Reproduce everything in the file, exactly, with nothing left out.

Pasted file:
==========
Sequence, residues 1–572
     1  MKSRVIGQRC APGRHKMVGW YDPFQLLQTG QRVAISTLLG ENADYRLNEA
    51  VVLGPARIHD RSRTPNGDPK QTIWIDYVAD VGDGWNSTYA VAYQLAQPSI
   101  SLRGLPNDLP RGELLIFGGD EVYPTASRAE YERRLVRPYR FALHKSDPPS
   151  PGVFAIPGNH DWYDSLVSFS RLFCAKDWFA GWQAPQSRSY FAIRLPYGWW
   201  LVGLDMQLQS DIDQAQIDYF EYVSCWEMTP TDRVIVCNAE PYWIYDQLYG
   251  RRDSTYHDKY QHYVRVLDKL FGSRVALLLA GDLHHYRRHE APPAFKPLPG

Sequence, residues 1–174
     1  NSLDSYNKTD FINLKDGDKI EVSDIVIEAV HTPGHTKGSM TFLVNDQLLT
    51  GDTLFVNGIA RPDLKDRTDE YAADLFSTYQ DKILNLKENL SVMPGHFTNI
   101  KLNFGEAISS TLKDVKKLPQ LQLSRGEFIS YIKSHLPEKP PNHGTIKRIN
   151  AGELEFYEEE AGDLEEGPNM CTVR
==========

Sequence, residues 1–572
     1  MKSRVIGQRC APGRHKMVGW YDPFQLLQTG QRVAISTLLG ENADYRLNEA
    51  VVLGPARIHD RSRTPNGDPK QTIWIDYVAD VGDGWNSTYA VAYQLAQPSI
   101  SLRGLPNDLP RGELLIFGGD EVYPTASRAE YERRLVRPYR FALHKSDPPS
   151  PGVFAIPGNH DWYDSLVSFS RLFCAKDWFA GWQAPQSRSY FAIRLPYGWW
   201  LVGLDMQLQS DIDQAQIDYF EYVSCWEMTP TDRVIVCNAE PYWIYDQLYG
   251  RRDSTYHDKY QHYVRVLDKL FGSRVALLLA GDLHHYRRHE APPAFKPLPG

Sequence, residues 1–174
     1  NSLDSYNKTD FINLKDGDKI EVSDIVIEAV HTPGHTKGSM TFLVNDQLLT
    51  GDTLFVNGIA RPDLKDRTDE YAADLFSTYQ DKILNLKENL SVMPGHFTNI
   101  KLNFGEAISS TLKDVKKLPQ LQLSRGEFIS YIKSHLPEKP PNHGTIKRIN
   151  AGELEFYEEE AGDLEEGPNM CTVR